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The last flag

 
The last flag
 
An ironic allegory of psychoanalysis and definitely a celebration of femininity. The artist told me that he wonted to provoke opposing reactions in the viewer, as he often does in his paintings. Psychoanalysis has certainly been the most important and widespread cultural phenomenon of the century. It cannot be argued that people talk about it without knowing what it means, and that the words psyche. Psychology – Psychological have become part of our daily vocabulary. For the ancient Greeks the word “psyche” meant “soul” more than “thought”, so the word “psychoanalysis” would mean “analysis of the soul”.
Many people were opposed to psychoanalysis from the beginning because it offered a provocative interpretation of our inner world, based mainly on sexual impulses; often it was misunderstood and has separated into different schools of thought which have at any rate been in some way inspired by the extraordinary work of Sigmund Freud, its founder.
 The artist depicts, at the center of the scene, a leafy tree (life?) which is growing from an organ, played hesitantly by an old man who is observing a strange musical score. In the old man, the artist wanted to represent Cesare Musatti, the most important figure of Italian psychoanalysis, but also simply a man who even if he has gone through life, hasn’t yet learned to play, and is still trying. A young female figure is pointing to the score and is encouraging him to go on, as if she were saying: “come on, don’t be afraid…” for Di Maio, she is “mother”. Still young and beautiful, like all the mothers in the world. Children get old, often without having learned, but mothers don’t. It is the woman, who is less afraid of love, who tries to teach the man something.
The old pianist is trying to read that music, with his red and sensuous lips which represent eroticism, because it is with eroticism that the tree of life produces its music. He is sitting on two large books ( on one of these the viewer can see the title: “Introduction to the study of psychoanalysis” ) and on the floor there is a pile of blank papers, perhaps what our science has left as an image of itself? Blank pages? On the side, a shabby-looking musician is playing a bass drum, trying to attract attention to something he doesn’t understand. In the background, the viewer has a glimpse of an idealized self-portrait of the Artist whit paintbrush in hand, part Dalì and part Captain Hook. But in this painting women are the protagonists. On the left, settled on a branch there is a figure who is perhaps “Pychoanalysis”, she is playing a trumpet, irreverent as is everything here, turned towards three mannequins in long red robes who are reading books with blank pages. They remind me of a congregation of American priests who wear similar robes. In America Freud was welcomed with great enthusiasm when he arrived there for the first time.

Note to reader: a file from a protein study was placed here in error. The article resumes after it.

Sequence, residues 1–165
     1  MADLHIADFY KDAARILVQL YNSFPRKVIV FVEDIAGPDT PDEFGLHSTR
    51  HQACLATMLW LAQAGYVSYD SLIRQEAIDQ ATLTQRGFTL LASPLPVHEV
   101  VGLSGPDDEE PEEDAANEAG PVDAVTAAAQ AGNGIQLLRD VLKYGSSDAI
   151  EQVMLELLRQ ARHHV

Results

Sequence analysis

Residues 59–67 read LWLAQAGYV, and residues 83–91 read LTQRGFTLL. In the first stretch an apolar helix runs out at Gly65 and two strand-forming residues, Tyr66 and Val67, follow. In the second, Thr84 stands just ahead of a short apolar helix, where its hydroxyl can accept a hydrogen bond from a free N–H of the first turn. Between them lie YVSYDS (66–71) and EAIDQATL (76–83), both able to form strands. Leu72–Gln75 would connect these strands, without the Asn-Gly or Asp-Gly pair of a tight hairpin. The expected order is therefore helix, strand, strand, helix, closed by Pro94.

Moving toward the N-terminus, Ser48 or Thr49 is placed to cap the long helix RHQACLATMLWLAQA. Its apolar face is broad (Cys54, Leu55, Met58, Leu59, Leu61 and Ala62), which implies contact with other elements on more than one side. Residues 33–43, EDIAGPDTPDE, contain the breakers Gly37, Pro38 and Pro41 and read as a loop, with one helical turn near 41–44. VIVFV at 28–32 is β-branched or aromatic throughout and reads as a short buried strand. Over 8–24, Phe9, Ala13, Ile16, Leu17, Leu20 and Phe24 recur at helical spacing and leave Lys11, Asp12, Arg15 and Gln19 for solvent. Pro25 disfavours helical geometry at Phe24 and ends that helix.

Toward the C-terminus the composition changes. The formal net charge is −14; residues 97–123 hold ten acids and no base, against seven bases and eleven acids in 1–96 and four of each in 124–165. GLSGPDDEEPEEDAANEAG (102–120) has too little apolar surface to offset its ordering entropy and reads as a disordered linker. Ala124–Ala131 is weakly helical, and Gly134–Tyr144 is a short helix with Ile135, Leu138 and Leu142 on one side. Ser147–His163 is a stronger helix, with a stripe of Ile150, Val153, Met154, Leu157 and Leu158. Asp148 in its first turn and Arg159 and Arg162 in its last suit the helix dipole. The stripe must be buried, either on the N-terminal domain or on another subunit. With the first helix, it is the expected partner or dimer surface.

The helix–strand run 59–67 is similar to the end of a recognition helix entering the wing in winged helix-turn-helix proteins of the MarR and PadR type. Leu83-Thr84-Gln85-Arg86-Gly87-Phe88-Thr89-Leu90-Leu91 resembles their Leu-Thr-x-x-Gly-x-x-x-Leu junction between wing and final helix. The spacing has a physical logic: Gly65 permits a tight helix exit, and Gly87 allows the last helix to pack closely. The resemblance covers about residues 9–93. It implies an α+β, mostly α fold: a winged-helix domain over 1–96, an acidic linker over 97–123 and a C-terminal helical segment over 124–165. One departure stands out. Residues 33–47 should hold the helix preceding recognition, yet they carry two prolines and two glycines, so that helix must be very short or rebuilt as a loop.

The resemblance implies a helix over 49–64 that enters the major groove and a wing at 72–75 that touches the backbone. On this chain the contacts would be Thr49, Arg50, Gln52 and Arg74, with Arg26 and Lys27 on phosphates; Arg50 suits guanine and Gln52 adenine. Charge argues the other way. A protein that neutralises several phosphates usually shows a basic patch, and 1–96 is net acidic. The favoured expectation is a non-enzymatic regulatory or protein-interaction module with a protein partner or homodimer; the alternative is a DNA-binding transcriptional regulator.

The journalist ran to him and it is said that he whispered to his companion: “see how happy they are? They don’t know that I’m bringing the plague!”
In the center, there is another woman who is burning up in the flames of masculine respectability. Perhaps she is the embodiment of everything sinful and dangerous that woman represent to the male culture, which burns her and desires her at the same time. She is purposely put at the base of the “tree” in the flames of “sin”.
At the bottom, in the foreground another woman, naked, is setting fire to a small wooden robot which represents technology, of which man is so proud; the robot is offering an empty plate to nothing. What good is technology if man doesn’t know how to live? What good is a culture that is a substitute for Joy and that removes one from the needs of the spirit?
At the top of the tree, hidden among the leaves, is a refined fragment of the pulpit of the Pisano of the Baptistery of Pisa.
Art, religion, power. All at the top. Almost hidden. But a piece of pink silk is fluttering in the air; it’s a woman’s slip.
Last flag, permanent, extreme, invincible symbol of attraction, in spite of every inhibition or prohibition.
This painting is an allegory, a book could be written about it. But there is a real character in it.
It is that uneasy-looking child in the middle of all the apparent confusion. The Master made him dress in those strange clothes and painted him while he is eating a pastry. He seems to be wandering: “what am I doing here…?” maybe he is us, we are growing, unwitting actors in the great play of life, and perhaps…one day…. We will understand it.